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National Art Education Association

Using Interpretation Theory in Art Education Research

Author(s): Cathy A. Brooks
Source: Studies in Art Education, Vol. 24, No. 1 (1982), pp. 43-47
Published by: National Art Education Association
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Studies in Art Education

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Using interpretation theory in art education research1

Cathy A. Brooks

One of the interpretive approaches currently finding favor in social science research is that of
the contemporary German philosopher, Hans-Georg Gadamer. For Gadamer, the interpretation
of a text is existentially grounded in the ontological significance of understanding that is
historical, dialectical, and linguistic. The author's use of hermeneutics in an inquiry illustrates
the essential aspects of Gadamer's theory, and indicates one of many possibilities that it offers
for art education research.

In art education, as in other fields allied to with the event of interpretation of a text, and
the social sciences, there is a growing interest the other is concerned with the more en-
in interpretive approaches to inquiry. This compassing questioning of the nature of
presentation summarizes one of the theories understanding itself (Palmer, 1969, p. 8). In
that is helpful in such inquiry, namely, Hans- its Greek roots the word hermeneutic refers
Georg Gadamer's dialectical hermeneutics, to the messenger-god Hermes, whose
describes some art education research in function was one of mediation, of explaining
which dialectical hermeneutics has been used, so that mortals might come to understand
and offers some suggestions for other inter- (p. 13). For centuries hermeneutics' tradi-
pretive inquiries. tional focus has been based upon the inter-
Gadamer offers a philosophical-critical- pretive task, especially as it pertains to
historical theory of interpretation. This biblical and literary texts. To many con-
excerpt from one of his recent essays provides temporary thinkers in the field hermeneutics
a fitting introduction to the discussion. is the deciphering process by which one
Having an historical sense is to conquer in a understands a work, that which carries the
consistent manner the natural naivete which imprint of human meaning (p. 7). In current
makes us judge the past by the so-called usage, a text is broadly defined as anything
obvious scales of our current life, in the that has a manifest content and a latent or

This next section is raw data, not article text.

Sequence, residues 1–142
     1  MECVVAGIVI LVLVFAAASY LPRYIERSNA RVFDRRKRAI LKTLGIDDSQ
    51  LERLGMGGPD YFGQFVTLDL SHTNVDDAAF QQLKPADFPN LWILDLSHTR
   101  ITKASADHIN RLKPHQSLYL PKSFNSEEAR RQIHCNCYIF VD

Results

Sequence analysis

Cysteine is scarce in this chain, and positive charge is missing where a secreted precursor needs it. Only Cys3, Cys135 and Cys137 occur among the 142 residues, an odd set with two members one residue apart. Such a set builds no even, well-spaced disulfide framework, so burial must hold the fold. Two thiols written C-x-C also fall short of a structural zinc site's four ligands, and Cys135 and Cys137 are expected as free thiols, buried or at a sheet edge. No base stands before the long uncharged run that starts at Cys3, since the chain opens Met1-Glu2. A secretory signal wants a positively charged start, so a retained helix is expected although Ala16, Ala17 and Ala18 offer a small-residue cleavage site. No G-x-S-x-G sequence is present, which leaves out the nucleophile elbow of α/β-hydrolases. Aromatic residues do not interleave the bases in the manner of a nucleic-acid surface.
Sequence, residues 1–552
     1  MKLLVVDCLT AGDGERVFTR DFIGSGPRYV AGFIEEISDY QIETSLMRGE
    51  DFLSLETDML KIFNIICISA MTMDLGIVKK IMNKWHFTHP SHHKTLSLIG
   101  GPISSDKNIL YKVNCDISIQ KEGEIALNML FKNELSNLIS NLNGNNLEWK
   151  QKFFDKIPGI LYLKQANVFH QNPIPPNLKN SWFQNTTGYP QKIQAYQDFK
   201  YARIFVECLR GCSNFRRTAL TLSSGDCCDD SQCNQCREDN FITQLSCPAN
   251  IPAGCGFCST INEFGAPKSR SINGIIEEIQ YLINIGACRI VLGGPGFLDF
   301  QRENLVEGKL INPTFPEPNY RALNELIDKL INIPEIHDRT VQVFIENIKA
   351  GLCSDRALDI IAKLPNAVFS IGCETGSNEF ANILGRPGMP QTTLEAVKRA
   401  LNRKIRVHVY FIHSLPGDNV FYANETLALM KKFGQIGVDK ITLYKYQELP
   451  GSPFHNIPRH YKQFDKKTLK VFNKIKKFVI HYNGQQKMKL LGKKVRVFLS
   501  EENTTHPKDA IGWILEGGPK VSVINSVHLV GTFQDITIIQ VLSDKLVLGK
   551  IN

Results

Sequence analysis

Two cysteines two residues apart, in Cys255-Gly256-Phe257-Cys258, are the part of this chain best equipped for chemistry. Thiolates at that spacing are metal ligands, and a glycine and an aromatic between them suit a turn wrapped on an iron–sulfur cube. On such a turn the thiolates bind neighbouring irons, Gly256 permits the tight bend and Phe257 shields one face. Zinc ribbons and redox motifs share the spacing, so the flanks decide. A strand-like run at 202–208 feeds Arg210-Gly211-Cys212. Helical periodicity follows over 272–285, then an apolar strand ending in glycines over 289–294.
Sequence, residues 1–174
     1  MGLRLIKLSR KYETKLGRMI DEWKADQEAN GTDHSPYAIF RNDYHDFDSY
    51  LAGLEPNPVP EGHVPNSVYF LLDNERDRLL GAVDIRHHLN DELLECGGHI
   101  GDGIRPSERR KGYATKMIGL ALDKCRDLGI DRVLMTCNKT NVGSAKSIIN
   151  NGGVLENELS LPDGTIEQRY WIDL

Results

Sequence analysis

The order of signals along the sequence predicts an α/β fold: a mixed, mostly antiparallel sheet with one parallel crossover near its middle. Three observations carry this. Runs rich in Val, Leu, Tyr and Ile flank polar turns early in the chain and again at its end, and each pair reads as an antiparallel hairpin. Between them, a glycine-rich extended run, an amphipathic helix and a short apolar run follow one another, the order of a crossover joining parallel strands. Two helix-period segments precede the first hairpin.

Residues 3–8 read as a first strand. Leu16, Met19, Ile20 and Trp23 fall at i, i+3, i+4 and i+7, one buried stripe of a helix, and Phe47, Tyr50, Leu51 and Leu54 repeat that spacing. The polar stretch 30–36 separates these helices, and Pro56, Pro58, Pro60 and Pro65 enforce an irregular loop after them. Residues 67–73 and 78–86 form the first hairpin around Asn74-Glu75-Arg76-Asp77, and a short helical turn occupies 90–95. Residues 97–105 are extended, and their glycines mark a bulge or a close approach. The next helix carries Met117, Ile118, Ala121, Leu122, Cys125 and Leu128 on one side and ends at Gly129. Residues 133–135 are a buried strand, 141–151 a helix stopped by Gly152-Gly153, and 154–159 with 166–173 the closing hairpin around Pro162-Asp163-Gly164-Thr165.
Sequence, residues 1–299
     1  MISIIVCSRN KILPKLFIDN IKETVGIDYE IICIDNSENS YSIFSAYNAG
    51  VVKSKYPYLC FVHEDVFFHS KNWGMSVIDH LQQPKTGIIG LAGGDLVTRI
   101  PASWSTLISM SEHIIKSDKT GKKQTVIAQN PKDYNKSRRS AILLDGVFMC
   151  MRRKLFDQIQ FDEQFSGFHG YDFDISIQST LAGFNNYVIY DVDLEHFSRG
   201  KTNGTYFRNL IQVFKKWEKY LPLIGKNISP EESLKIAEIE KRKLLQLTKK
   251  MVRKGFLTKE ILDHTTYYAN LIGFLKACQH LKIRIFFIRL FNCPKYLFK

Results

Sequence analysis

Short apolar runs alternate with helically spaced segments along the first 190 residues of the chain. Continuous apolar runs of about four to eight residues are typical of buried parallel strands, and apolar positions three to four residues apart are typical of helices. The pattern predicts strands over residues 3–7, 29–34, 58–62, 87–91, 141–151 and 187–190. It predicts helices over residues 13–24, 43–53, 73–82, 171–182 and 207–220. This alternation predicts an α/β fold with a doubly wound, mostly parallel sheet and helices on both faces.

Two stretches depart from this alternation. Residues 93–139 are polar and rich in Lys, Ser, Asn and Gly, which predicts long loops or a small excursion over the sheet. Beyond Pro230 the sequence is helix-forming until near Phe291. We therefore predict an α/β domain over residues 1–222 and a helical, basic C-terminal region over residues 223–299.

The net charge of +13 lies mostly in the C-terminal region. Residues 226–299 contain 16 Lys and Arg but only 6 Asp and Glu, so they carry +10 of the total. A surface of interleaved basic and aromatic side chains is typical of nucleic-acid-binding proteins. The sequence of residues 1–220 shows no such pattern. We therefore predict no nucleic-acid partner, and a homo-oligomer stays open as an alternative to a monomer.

perspective of our institutions, and from our hidden meaning: literary texts, historical
acquired values and truths. Having an his- events and situations, dreams, cultural
torical sense signifies thinking explicitly about symbols, and memories of past experience
the historical horizon which is coextensive
(p. 43).
with the life we live and have lived . . . This
In this century the focus of hermeneutics
reflexive posture towards traditions is called
interpretation. And if something is able to
has been expanded to include philosophical
characterize the truly universal dimension of inquiry into the nature of understanding
this event it is surely the role that the word itself. This branch of the field stems from the
interpretation has begun to play in the landmark writings of the existential philoso-
modern sciences . . . Interpretation, as we pher Martin Heidegger. The essential theme
understand it today, is applied not only to of Heidegger's philosophical writings is the
texts and verbal tradition, but to everything disclosure of Being, or Dasein. In Being and
bequeathed to us by history; thus, for Time (1962) Heidegger rejects the conception
example, we will speak not only of the inter-
pretation of an historical incident, but also
of knowledge based upon a subject-object
dualism. Instead, Heidegger poses an exis-
the interpretation of behavior, and so forth.
We always intend by this that the meaning of tential conception of knowledge that is
what is given over for our interpretation is not fundamentally historical and ontological. For
revealed without mediation, and that we Heidegger all understanding is temporal,
must look beyond the immediate sense in intentional, and historical (Palmer, 1969, p.
order to discover the "true" hidden meaning 140). Understanding is an event in which one
(Gadamer, 1979, pp. 110-111). participates; it comes about in phenomeno-
logical inquiry into one's own existence in
The Historical Background the everyday world, and is the disclosure of
of the Discipline of Hermeneutics Dasein. Within this existential conception of
Modern hermeneutics is comprised of two understanding, Heidegger shows hermeneutics
distinct and interacting foci: one is concerned to be a fundamental human event that dis-

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closes the nature of being. This discovery of Understanding is an historically funded

the ontological significance of understanding, and operative structure based in universal
conceived as the historical event of interpre- past-present-future temporality. Our under-